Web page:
FryUp: A bougette of capralalia

Hammertime: Juha goes all multilingual, rapping the Budget with a bougette of capralalia

A bougette of capralalia — Left hand/right hand It’s always Hammertime! Hardest SuperWigga Ali I raps into the Budget

A bougette of capralalia Having been fortunate enough to grow up bilingual and picked up a few languages during my global slide downwards, I see meaning in common words that eludes other people. Take the somewhat obscure but commonly used “budget” for instance. Originally from Sweden, this compound term is made up of “bud” which means either messenger or in this case, bid, and “get”, which stands for goat. The latter term mustn’t be confused with GOAT, a less aggressive internet FLA exhorting people to leave than FOAD. The “bidding goat” was used in the courts of Viking chiefs as a way to stymie opposing village factions, by promising the delivery of many a horned goat, even though it may be impossible to fulfil the undertaking. It is a powerful political tool, and to hide its origins that give away the game, Parliamentarians have deliberately obscured the etymology of the word. Which brings us to the Broadband Investment Fund of course. Labour’s BIF gets some things right by being technology neutral and encouraging competition over an open access network, not to mention the $15 million towards a trans-Tasman cable and boosting KAREN (our academic network of sorts) funding by $7.8 million. But, the overall amount of funding is niggardly, especially if you consider that $50 million of the $500 million in total will be spent on the Government Shared Network and another $105.5 million on education and health networks. That leaves approximately $325 million for doling out via the BIF, with the first applications to be granted in a years’ time. Compare that money to the billions bandied about in Australia and … well, it’s not very impressive, is it? If the BIF happens of course; should National win the election, I can’t see that it will keep the BIF going for long, especially if it intends to go ahead with its $1.5 billion fibre-to-the-premises plan that Labour says favours Telecom. Speaking of fibre-optic, it’s no longer the only last-mile technology to deliver high-speed broadband. By using technologies such as dynamic spectrum management and by cancelling line noise and crosstalk, DSL could deliver speeds of 100Mbit/s over 500 metre single-pair lengths of copper cable, according to CommsDay in Australia, which is quoting John Papandriopoulos from Assia. Researchers such as John Cioffi see the current maximum throughput of DSL as being one to two gigabits per second, which is right up there with fibre-optic. And, DSL does have the distinct advantage of being deployable over an existing network… Inside the Budget Broadband Investment Fund Government rolls out broadband plan Lack of vision in Labour’s broadband plan Dynamic Spectrum Management Project Assia John Papandriopolous

Left hand/Right hand Obviously, Microsoft’s ISO win for OOXML wasn’t good enough for Microsoft. In fact, it looks like ODF support will make it into Office 2007 well before OOXML appears in Office 14. Office 2007 won’t support ISO’s OOXML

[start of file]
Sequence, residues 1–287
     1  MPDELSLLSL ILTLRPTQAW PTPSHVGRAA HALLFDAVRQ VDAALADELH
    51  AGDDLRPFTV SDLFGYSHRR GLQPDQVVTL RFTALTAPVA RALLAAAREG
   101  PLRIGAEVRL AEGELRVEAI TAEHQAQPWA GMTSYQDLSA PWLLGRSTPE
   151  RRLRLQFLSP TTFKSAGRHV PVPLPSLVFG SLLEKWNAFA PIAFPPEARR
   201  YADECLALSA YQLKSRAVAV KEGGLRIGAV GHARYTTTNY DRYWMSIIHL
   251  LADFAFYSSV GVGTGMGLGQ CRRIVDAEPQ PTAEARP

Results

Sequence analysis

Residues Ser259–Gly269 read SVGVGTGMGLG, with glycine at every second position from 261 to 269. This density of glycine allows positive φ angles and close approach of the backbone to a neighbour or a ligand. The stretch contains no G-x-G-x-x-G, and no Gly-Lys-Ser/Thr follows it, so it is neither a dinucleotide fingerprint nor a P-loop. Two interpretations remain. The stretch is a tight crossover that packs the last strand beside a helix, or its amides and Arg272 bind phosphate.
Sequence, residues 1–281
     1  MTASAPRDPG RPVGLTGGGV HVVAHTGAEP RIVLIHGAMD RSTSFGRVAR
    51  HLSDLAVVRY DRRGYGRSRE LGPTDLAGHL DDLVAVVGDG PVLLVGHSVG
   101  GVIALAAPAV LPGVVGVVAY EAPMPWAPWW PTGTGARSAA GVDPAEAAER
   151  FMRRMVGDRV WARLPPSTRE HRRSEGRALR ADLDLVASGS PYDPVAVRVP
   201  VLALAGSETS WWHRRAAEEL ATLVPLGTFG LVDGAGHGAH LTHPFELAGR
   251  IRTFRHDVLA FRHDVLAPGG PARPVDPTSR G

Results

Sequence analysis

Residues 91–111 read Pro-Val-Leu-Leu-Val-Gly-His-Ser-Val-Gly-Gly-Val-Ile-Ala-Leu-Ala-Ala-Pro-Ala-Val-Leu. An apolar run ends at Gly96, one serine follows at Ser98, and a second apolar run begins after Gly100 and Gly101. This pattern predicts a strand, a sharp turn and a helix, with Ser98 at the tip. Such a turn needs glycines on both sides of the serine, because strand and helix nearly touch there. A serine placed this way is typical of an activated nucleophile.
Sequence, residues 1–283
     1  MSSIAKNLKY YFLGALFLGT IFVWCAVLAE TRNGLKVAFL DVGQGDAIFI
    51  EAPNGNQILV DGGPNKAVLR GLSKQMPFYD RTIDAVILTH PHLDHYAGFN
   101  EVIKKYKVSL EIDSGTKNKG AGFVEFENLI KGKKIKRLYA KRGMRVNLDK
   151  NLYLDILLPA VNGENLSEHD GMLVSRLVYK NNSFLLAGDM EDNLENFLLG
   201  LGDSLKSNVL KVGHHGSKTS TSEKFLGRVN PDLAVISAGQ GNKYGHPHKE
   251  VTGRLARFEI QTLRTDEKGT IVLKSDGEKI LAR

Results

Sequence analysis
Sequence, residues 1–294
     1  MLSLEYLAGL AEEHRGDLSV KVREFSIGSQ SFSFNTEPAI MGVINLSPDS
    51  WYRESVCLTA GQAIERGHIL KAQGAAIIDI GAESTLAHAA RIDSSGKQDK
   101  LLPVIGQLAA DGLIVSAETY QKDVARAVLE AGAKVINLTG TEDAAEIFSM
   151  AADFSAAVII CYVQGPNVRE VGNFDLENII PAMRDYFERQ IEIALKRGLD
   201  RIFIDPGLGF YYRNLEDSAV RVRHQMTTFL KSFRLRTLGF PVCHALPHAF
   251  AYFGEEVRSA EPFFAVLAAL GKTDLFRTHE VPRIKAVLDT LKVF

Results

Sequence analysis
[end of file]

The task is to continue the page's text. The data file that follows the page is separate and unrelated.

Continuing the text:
Robert X Cringely Microhoo, Facebook and you Don't look now, but there's a secret cabal at work conspiring to lock you out of the public internet.  That, at least, is the hyperventilated opinion of Robert Scoble, who not so long ago was just another Microsoft employee with a blog and now is a Web 2.0 maven. His theory? After lopping off the tastiest bits of Yahoo Search and tossing the scraps to the dogs in Mountain View, Microsoft will then drop US$15 to US$20 billion to swallow Facebook solely for the purpose of keeping it and its 70 million sheep-tossing users locked in a permanent digital dungeon, far from the clutches of Google. Scoble told Cocky Locky, who twittered Ducky Lucky, Henny Penny, and Foxy Woxy. Yes, the sky appears to be in free fall. His main clues: Facebook's spurning Google's attempts at data portability via Friend Connect, and reports that Microsoft was making goo-goo eyes at Facebook while trying to score with Yahoo. Would Microsoft want Facebook? Sure. Redmond desperately needs somebody who knows what they're doing on the internet, and it already has one gnarled talon wedged in Facebook's door with its US$240 million investment last year. But the notion that Microsoft would gladly spend US$20 billion just to snub Google seems totally koo koo for cocoa puffs. There are a few things wrong with this theory. — Why in Gates' name would Zuckerberg sell? He's already a billionaire on paper. In two years when he takes Facebook public he'll be a billionaire for real. Yes, he might get richer faster if Redmond cuts him a check, but then what's he going to do — start a softball league for 25-year-old billionaires? It makes no sense for Facebook to sell now while it's still in a massive growth phase with lots of worlds to conquer. The only way that would happen is if the company's VCs got antsy and forced Z's dainty hands. I don't see it. — If Microsoft did somehow coerce the Z-man to cash out, and then decided to step on Google's spiders, so what? Some FBers would immediately flee anything with the taint of Microsoft on it. Some would leave after Microsoft made "improvements" to the service, drowning any innovative or interesting features in the bathtub and driving away the smart employees. And the rest of the Facebook throng wouldn't notice. After all, Rupert Murdoch managed to buy MySpace without destroying it (though you might argue MySpace was already trashed, and that's how its users like it.) — Assuming all this comes to pass, is having a small section of the Net closed off to Google such a horrible thing? Isn't the point of a social network to share your inane thoughts, photos, videos, and barnyard animals with your friends — and onlyyour friends? That's how Facebook is today. Fact is, Facebook will probably end up working out an agreement with Google over Friend Connect. As long as I get to choose what information is and isn't available to the Net at large, I'm fine with that. How about you?